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Genome segregation is a fundamental step in the life cycle of every cell. Most bacteria rely on dedicated DNA partition proteins to actively segregate chromosomes and low copy-number plasmids. Here, by employing super resolution microscopy, we establish that the ParF DNA partition protein of the ParA family assembles into a three-dimensional meshwork that uses the nucleoid as a scaffold and periodically shuttles between its poles. Whereas ParF specifies the territory for plasmid trafficking, the ParG partner protein dictates the tempo of ParF assembly cycles and plasmid segregation events by stimulating ParF adenosine triphosphate hydrolysis. Mutants in which this ParG temporal regulation is ablated show partition deficient phenotypes as a result of either altered ParF structure or dynamics and indicate that ParF nucleoid localization and dynamic relocation, although necessary, are not sufficient per se to ensure plasmid segregation. We propose a Venus flytrap model that merges the concepts of ParA polymerization and gradient formation and speculate that a transient, dynamic network of intersecting polymers that branches into the nucleoid interior is a widespread mechanism to distribute sizeable cargos within prokaryotic cells.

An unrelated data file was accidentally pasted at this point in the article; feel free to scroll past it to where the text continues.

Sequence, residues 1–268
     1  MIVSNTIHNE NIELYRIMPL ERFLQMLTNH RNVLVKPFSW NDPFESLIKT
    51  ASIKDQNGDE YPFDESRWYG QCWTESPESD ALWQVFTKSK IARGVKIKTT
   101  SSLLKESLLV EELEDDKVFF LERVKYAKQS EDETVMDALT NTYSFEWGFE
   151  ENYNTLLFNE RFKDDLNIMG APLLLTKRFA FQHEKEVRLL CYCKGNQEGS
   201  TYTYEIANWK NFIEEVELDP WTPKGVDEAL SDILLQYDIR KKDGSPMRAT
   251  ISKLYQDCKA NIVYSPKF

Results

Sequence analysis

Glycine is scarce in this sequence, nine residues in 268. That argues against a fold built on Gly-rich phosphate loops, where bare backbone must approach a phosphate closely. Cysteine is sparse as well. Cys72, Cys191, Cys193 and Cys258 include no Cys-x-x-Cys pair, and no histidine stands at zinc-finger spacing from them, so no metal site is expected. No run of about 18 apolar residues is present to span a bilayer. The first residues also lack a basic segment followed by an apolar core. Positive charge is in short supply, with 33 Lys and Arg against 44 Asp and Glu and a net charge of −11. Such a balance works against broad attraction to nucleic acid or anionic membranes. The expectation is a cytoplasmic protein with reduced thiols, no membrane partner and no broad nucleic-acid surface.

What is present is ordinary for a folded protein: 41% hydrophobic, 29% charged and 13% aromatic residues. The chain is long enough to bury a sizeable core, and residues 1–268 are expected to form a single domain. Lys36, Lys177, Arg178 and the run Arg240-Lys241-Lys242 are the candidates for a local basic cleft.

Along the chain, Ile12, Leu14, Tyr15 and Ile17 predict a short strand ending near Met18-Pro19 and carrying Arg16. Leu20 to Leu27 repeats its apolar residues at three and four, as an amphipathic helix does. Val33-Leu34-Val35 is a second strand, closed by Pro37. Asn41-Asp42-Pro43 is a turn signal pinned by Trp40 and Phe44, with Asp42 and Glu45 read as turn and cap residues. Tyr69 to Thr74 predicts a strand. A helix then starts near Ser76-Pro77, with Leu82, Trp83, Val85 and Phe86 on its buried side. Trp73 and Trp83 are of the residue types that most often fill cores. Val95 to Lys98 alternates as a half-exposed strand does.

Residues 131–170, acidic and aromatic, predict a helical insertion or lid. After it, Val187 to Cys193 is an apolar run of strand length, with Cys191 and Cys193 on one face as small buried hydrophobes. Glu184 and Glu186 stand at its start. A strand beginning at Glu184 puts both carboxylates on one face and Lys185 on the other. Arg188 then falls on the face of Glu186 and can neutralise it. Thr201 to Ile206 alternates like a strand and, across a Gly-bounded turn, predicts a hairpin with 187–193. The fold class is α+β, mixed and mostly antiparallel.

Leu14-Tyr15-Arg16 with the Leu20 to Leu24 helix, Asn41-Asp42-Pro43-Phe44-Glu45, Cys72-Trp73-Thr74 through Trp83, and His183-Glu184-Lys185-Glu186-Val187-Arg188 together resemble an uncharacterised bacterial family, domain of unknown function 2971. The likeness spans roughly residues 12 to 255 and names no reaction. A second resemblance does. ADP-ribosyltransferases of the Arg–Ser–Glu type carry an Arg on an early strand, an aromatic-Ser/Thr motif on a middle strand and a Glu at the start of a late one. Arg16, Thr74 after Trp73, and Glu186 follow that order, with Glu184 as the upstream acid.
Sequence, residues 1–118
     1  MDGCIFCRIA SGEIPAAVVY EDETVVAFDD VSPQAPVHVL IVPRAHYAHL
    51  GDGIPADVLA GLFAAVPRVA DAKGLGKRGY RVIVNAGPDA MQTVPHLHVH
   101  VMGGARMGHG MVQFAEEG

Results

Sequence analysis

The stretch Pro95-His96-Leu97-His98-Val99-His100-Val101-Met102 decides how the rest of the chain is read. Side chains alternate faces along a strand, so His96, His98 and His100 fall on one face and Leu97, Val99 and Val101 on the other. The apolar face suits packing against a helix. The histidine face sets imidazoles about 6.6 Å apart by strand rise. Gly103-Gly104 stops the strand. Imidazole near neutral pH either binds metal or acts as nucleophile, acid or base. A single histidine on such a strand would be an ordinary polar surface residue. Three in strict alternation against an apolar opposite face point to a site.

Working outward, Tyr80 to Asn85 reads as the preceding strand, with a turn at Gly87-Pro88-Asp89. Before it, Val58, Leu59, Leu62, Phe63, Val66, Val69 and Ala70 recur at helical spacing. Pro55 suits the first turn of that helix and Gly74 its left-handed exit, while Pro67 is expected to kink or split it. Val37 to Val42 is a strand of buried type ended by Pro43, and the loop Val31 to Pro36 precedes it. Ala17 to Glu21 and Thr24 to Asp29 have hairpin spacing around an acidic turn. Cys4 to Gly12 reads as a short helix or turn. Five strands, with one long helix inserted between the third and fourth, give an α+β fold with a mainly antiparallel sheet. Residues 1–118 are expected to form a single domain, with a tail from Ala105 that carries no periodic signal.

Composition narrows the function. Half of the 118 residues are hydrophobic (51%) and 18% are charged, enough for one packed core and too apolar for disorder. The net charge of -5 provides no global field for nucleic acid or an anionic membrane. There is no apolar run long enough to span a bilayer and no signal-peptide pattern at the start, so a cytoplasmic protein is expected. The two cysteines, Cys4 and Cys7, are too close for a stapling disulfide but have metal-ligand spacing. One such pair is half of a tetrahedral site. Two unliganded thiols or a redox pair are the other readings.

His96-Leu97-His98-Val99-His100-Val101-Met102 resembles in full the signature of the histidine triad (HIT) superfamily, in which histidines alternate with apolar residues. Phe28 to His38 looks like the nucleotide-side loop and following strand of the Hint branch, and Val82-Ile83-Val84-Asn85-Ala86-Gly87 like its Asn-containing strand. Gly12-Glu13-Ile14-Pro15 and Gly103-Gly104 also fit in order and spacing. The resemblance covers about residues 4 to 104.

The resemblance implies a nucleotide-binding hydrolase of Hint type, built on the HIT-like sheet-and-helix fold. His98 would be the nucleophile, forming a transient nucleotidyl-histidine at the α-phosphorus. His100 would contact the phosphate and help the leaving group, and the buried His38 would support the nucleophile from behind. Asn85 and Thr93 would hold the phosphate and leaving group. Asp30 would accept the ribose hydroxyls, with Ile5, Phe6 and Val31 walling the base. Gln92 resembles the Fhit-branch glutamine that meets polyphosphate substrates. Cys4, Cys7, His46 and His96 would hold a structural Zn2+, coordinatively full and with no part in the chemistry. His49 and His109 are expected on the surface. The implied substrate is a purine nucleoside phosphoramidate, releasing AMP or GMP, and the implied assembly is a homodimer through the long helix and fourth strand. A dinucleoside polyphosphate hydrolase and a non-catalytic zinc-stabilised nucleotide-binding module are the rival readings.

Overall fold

The distribution of newly replicated genomes to daughter cells is a finely tuned process that requires high spatial precision and coordination with other cellular events. In eukaryotic cells, a large protein complex, the kinetochore, hitches sister chromatids to microtubules of the mitotic spindle that eventually drag them apart (1). Bacteria rely on a more parsimonious apparatus that consists of a NTPase, a DNA-binding protein and a cis-acting DNA site, known as a partition or centromere-like site. Genes encoding the two proteins together with the partition site constitute a segregation module. These modules are harbored by low copy number plasmids and chromosomes and fall into three categories according to the NTPase they encode, which can be either Walker-type, actin-like or tubulin-like (2).